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Crossing Guard: 1943

March 1943. "Topock, Arizona (vicinity). Military sentry stationed at a bridge over the Colorado River along the Santa Fe Railroad between Seligman, Arizona, and Needles, California." Photo by Jack Delano. View full size.

March 1943. "Topock, Arizona (vicinity). Military sentry stationed at a bridge over the Colorado River along the Santa Fe Railroad between Seligman, Arizona, and Needles, California." Photo by Jack Delano. View full size.


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Three pumps

I can't find a record of any Mossberg shotgun being used by the US military in WW II, so the choices are:

Winchester M1897, Winchester M12, Remington M31

The picture (on screen, at least) is too bad to tell for certain. If I had to guess I'd say it was the 1897. If it's possible to see the receiver and grip on a high quality print, one can tell for certain. The M1897 has an exposed hammer and a flatter, longer grip section than the M12 between the receiver and the top of the stock. The M12 and M31 are easy to tell apart.

The Browning Auto 5 was also used, but the weapon in the picture is definitely not one of those.

Light And Distance

I'm no expert in photography, but I'd say the reason the barrel looks so thin is because of the effect of light, background and distance on a cylindrical surface. I've seen this before on items much closer. By the way, the barrel has been shortened to 18 to 20 inches, just right for up close shooting. I don't know if this was factory done or done by an armorer in the field. After looking at it more, I'm also not sure it's a Model 12 or a '97. The forearm looks a little fat for those. Could be a Mossberg.

[Here's a closeup. -tterrace]

I think I figured it out

It's a .30 cal. Springfield shotgun.

My Two Pellets

Call me a scatterhead, but that barrel looks too thin to be a scattergun barrel. In other words, it's hard to gauge but it seems too thin to be a shotgun barrel. AFAIK sentry duty shotguns in WWII were 12 gauge. That barrel looks no bigger than a .410, if that.

How in the world

can you tell this is a shotgun? What software are you using to blow up this picture?

[Distinctive profile. -tterrace]

Hot Duty

The last time I was in Needles, the temerature was 119 degrees. I felt like I was going to die walking between my air conditioned car and the air conditioned gas station. This is not the place where you want to be standing outside in battle fatigues and a steel helmet. This poor soldier may have screwed up somewhere else in order to draw this grueling duty.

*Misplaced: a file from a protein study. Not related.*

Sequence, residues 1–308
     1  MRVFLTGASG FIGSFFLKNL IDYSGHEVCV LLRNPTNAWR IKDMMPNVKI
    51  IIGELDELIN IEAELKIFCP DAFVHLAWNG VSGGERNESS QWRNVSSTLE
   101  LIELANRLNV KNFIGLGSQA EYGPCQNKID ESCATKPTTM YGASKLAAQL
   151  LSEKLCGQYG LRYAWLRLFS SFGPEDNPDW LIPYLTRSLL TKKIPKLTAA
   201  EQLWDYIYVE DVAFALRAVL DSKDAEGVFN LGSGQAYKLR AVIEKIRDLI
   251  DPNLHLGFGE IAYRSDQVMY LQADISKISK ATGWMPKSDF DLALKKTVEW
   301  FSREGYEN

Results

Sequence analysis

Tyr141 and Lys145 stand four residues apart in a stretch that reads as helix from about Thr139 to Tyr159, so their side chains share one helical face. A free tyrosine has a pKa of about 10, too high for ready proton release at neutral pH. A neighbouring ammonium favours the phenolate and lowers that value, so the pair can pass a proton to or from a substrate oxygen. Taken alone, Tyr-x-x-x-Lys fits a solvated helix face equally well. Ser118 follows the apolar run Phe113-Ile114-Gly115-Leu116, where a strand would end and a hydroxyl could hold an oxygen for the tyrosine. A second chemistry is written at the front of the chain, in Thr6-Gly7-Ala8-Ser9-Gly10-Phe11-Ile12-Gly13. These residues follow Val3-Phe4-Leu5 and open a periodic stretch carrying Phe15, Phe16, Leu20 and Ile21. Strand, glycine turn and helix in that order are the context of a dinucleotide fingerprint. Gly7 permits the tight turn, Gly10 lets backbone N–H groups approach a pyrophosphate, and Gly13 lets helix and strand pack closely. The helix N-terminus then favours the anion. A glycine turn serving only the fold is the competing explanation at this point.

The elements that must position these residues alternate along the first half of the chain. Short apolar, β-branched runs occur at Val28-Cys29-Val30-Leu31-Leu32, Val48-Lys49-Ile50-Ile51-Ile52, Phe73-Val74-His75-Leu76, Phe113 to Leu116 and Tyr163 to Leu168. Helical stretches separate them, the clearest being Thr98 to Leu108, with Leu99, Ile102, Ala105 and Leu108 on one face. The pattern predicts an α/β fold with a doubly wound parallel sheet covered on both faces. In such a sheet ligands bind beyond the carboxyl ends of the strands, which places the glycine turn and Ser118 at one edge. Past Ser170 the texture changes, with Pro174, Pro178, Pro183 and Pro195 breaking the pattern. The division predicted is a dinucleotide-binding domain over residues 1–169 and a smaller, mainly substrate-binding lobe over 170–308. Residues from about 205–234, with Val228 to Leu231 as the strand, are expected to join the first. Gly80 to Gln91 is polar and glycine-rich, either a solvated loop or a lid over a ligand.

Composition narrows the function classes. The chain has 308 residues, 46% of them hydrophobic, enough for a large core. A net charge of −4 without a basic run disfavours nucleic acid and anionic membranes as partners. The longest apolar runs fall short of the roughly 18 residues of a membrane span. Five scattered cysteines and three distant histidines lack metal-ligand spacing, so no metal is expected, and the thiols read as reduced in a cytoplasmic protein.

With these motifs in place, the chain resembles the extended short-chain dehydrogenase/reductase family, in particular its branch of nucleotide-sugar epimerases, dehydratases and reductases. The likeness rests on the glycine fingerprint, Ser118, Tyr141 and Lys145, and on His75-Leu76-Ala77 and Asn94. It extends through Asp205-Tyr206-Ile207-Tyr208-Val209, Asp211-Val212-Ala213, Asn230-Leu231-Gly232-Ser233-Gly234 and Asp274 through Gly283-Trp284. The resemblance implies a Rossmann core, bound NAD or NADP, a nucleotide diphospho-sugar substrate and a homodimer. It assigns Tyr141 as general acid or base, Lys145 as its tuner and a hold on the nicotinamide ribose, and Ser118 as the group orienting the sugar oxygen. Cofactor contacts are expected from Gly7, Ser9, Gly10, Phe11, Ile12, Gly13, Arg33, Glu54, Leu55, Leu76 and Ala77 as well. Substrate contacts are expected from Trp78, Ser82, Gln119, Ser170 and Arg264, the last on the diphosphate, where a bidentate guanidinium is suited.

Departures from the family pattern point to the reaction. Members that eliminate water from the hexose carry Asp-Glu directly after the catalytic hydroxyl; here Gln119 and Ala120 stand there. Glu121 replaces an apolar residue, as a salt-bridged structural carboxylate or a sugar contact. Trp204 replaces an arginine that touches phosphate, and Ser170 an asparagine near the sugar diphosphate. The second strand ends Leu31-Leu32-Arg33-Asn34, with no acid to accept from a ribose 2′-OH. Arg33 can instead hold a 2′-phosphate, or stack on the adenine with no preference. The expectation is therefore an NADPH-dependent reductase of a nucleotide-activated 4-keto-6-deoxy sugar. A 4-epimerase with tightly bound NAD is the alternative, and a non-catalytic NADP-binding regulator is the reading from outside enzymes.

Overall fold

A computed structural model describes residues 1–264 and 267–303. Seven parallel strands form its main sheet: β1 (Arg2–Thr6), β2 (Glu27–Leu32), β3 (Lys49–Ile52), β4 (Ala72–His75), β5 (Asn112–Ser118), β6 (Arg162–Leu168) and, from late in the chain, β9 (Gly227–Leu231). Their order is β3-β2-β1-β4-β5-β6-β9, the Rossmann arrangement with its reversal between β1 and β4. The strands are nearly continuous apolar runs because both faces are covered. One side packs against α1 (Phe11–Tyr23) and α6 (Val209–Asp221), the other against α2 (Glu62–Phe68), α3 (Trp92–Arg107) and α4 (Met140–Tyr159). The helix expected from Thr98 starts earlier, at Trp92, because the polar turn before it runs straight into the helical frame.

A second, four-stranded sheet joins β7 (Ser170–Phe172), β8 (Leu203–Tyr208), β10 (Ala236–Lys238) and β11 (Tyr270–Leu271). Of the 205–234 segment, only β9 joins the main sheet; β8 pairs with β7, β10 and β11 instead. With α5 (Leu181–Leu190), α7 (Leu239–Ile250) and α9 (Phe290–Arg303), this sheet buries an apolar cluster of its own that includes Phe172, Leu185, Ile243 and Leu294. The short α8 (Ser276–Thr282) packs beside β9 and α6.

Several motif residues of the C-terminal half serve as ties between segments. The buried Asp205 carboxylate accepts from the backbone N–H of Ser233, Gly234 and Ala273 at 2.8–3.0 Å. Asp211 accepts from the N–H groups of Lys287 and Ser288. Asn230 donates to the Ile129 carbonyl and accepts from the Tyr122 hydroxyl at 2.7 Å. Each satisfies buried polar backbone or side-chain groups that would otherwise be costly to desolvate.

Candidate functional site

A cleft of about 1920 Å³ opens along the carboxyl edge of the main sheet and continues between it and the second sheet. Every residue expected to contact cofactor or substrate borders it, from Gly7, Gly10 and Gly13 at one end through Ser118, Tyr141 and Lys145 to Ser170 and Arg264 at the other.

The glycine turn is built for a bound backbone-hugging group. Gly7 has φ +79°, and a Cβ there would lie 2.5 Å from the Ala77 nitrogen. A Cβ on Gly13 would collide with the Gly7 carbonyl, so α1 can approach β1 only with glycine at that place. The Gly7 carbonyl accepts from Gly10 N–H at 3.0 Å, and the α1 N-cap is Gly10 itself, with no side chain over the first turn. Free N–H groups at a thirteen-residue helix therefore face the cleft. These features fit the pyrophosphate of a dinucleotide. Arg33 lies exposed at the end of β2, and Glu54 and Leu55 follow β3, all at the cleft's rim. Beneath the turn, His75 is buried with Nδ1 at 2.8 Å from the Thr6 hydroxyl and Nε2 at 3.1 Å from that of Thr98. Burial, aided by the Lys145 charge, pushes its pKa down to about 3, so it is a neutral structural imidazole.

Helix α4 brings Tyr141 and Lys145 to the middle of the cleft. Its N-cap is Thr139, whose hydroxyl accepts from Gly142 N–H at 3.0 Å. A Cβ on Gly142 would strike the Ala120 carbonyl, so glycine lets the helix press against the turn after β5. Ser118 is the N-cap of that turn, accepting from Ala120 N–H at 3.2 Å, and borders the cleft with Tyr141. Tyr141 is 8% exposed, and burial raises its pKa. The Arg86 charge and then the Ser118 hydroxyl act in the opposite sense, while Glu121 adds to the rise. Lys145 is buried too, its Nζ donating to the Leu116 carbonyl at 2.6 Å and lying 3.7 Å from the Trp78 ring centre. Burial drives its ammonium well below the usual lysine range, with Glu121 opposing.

Red Rock Bridge

This is Santa Fe's Red Rock Bridge, completed in 1890, and due to be replaced with a new bridge just two years after this photo was made. This then became the US 66 bridge for another 20 years. More here.

He Means Business

Something you don't often see in pictures. The guard is armed with a pump shotgun, probably either a Model 1897 or a Model 12. Most often you'll see soldiers on guard duty armed with an M1 or occasionally with M1903. There may have been other guards here armed with rifles to deter saboteurs at a distance, but this guy is ready for close-in defense.

Sentry duty shotgun

I think the guard is armed with a pump action shotgun. I've read that shotguns were often used on various guard and protection details during the war.

6 Rails Across the Bridge

Why 6 rails across the bridge?

Gantlet track.

There is double track on each side of the bridge, which was built when a single track was sufficient for the traffic on the line. Traffic increased to where it became necessary to double track the line, but as a cost savings the bridge, only wide enough for a single track, was retained. Rather than put switches at each end of the single track segment, the bridge was laid with gantlet track. The two rails of each of the tracks for each direction were merged together about 6" apart.

Counting from the left, the first and fifth rails are for trains in the approaching direction. The second and sixth for trains moving away from the photographer (as in, the caboose seen beyond the bridge.) The two center rails are guard rails, as a safety measure common on all bridges in case of derailment.

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